The most memorable event of the night, however, was near the end of Cafe Racer's set. Moments after Cafe Racer's fresh take on “The Sprawl (Mountains beyond Mountains)”, the power went out in the building. It seemed very apropos to me, as their set seemed to climax right at that moment when the song was finishing. Not content to keep the room silent, the drummer kept everyone entertained with a drum solo while the sound technicians did everything they could to get the power running again. It was in this moment, in my opinion, that Café Racer’s true character shined through; a lesser band would have just stood on the stage in silence like idiots, but these guys kept going despite what had happened. Then the techs succeeded in getting the power back, and their set ended after one more song and an encore. Café Racer are real pros, and well worth your dollar. Go see this band. - Hot Soupe


debut EP released March 28, 2013
recorded at Hotel2Tango



Café Racer was conceived from the chance meeting of three Canadian musicians from three different provinces in Montreal. Shawn was born in Montreal, Josh moved into the city for the end of high school. They met through a music club in college for a hastily prepared talent show. After playing guitar for a few serious bands in Manitoba, Myles decided to move to Montreal to pursue an Engineering Degree at McGill University. Josh and Myles met through mutual friends at McGill and jammed together a few times. In the summer of 2011, Shawn joined Myles and Josh for the first time in an impromptu jam. The idea of starting a band was mentioned by Myles, and a year later (after some songwriting, a little bit of practicing and the loss of a Swiss synth player) the three piece rock and roll band Café Racer was born.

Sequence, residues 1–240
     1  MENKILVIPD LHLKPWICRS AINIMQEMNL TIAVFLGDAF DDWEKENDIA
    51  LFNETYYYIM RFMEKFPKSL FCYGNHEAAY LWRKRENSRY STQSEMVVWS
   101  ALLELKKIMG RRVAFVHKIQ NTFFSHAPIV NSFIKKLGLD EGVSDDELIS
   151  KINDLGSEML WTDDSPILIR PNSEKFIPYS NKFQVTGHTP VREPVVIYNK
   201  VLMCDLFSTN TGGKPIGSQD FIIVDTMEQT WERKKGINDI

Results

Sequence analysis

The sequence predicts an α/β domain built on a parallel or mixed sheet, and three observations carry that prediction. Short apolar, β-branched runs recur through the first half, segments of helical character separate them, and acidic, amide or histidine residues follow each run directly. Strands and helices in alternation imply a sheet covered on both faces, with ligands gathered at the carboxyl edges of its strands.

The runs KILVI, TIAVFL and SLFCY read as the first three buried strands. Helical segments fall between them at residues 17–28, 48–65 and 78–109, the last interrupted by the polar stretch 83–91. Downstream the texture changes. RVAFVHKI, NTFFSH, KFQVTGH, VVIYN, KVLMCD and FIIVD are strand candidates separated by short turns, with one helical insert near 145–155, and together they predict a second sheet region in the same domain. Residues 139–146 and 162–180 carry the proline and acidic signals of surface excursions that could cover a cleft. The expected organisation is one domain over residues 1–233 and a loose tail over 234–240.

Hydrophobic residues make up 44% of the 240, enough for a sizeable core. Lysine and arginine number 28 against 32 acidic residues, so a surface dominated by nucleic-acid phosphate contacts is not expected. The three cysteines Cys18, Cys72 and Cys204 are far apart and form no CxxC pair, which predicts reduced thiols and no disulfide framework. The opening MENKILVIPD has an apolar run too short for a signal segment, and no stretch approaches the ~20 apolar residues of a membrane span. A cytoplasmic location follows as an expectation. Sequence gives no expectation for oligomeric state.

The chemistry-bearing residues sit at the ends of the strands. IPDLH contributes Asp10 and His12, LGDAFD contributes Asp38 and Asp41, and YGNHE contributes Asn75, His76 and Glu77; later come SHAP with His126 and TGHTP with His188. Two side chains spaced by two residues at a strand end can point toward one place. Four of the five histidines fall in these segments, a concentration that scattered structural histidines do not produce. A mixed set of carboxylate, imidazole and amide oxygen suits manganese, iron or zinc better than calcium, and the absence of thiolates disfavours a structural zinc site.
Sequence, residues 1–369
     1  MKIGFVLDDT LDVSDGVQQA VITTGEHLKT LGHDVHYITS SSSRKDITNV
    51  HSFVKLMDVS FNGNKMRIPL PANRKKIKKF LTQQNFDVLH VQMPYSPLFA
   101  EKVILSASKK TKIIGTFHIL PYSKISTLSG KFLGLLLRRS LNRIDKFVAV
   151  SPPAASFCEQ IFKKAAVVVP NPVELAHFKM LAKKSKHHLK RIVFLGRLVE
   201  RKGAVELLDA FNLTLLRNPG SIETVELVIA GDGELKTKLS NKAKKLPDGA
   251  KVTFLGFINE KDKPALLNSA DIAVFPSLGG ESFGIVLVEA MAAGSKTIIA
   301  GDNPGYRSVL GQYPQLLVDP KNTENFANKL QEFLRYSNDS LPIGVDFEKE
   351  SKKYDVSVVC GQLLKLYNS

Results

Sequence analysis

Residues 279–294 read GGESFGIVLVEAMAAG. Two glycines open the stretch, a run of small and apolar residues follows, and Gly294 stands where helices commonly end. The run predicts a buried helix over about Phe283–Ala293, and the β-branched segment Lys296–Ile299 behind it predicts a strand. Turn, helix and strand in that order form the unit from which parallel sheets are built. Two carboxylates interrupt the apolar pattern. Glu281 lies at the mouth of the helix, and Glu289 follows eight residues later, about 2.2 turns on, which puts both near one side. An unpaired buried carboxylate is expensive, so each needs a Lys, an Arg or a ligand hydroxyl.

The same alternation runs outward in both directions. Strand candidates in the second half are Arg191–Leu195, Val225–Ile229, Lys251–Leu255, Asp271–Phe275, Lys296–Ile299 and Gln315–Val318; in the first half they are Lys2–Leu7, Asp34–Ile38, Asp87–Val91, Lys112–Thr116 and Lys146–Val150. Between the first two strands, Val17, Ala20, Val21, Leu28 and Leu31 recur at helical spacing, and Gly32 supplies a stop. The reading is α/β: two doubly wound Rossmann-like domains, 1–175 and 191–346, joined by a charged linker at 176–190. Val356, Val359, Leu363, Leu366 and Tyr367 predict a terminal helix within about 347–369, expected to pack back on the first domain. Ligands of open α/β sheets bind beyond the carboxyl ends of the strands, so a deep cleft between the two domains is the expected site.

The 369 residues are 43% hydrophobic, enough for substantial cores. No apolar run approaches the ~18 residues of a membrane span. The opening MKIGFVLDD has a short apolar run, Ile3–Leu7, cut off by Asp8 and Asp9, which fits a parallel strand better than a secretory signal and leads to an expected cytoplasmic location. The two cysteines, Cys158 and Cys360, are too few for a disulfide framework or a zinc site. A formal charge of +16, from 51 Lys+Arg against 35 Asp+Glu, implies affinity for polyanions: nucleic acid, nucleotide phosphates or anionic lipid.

Café Racer is set apart by their live show, they hit the stage with a huge amount of energy and enthusiasm and have "a very captivating stage presence". They are also set apart by their eclectic mix of songs, as displayed on their debut EP 'Apollo'. In the words of one review: "Apollo is an album that definitely gets under your skin and gets stuck in your head, consisting of a nice mix of in-your-face post-punk/garage rock and slower jams that are difficult to define genre-wise. Even though I’ve heard it several times, I don’t know to describe it to you in a way that does it justice."